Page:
The act of tying a knot is a simple one, and at the same time, it is an act that is rich in history, tradition, and pride. In the world of rope rescue, tying a knot speaks volumes. It can tell me immediately how competent the rescuer is. Is he struggling to tie a bowline? Can you see him mentally trying to incite the rabbit through the hole and around the tree? Or worse yet; does he need to get his rigging pocket guide out? Wow…I wish I could say I’m only joking, but the fact is this simple scene happens daily throughout the US.
Not just the Bowline; I wish I had a penny for every time a well intentioned, yet misinformed practitioner would suggest to me “you really only need to know how to tie a Figure Eight on a Bight for rescue work”…and yet when they tie the Figure Eight on a Bight, it has a colossal loop with a foot and a half gain; it is so miss-dressed you wouldn’t be seen in public with it…and probably…our misguided soul will not let us forget, “it MUST always have a backup knot”. Why? “I don’t know…just because…that’s how I was taught”!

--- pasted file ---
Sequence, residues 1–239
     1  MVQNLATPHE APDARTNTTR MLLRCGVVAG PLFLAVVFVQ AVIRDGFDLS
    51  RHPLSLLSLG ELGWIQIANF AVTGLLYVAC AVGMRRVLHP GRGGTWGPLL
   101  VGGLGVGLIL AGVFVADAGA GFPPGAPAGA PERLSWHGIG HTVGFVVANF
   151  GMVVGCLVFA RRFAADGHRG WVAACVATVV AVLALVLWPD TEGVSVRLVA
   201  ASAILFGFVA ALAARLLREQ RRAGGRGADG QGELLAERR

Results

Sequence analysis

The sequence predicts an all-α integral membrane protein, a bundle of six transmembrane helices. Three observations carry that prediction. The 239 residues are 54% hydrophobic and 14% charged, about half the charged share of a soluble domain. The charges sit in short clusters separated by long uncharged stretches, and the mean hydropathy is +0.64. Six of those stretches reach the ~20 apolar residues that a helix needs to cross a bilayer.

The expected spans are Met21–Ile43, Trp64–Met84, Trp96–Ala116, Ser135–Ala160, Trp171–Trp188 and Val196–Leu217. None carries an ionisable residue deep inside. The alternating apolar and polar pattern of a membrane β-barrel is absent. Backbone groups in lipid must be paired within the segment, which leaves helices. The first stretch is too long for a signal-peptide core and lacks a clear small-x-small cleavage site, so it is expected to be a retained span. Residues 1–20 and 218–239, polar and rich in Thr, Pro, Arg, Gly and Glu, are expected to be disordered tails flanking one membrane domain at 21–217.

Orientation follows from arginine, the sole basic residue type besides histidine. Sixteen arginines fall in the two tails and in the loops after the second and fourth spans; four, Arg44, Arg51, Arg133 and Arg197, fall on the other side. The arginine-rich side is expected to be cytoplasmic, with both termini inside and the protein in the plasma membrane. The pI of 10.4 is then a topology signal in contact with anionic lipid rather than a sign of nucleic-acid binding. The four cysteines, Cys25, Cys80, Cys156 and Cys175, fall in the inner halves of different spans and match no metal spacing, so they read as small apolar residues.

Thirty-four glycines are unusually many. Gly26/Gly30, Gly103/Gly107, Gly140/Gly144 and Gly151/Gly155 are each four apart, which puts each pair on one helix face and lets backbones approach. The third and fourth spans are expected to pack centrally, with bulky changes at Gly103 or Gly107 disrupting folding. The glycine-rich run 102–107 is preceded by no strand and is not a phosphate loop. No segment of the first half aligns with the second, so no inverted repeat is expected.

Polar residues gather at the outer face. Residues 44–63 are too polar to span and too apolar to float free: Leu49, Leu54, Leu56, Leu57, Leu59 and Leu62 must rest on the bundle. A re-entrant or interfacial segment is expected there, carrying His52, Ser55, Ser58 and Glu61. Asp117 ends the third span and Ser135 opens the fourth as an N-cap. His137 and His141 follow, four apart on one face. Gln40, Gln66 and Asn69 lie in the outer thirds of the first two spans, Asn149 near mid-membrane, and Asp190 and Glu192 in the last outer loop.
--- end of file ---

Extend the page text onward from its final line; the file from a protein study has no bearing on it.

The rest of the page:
This school of thought has grown deep roots in the US fire/rescue community, promoting draconian training philosophies such as; “We teach the KISS system (Keep it Simple Stupid), or “you need to dumb-it-down”; or the old standby “you need to stay in the box”. This dumb-it-down, in the box philosophy is a leading contributor to a dangerous false sense of rigging knowledge, and increased potentials for training accidents.